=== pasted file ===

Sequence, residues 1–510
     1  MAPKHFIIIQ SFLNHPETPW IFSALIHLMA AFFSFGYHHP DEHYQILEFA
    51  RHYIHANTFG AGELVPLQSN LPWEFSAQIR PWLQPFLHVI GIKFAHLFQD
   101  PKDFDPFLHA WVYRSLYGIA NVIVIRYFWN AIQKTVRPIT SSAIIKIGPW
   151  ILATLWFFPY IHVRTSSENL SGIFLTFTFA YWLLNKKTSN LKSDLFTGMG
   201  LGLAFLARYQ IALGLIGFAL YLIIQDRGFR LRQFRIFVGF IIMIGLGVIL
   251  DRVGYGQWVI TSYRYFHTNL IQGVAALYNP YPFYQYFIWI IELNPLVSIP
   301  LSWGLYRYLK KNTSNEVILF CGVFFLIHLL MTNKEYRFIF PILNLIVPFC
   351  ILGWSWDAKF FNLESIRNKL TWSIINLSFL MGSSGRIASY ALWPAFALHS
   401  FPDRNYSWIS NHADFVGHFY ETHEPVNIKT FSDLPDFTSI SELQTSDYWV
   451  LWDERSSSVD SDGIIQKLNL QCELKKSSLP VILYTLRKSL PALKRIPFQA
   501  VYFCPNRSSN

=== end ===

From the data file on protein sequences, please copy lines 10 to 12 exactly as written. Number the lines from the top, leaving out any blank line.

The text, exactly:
   401  FPDRNYSWIS NHADFVGHFY ETHEPVNIKT FSDLPDFTSI SELQTSDYWV
   451  LWDERSSSVD SDGIIQKLNL QCELKKSSLP VILYTLRKSL PALKRIPFQA
   501  VYFCPNRSSN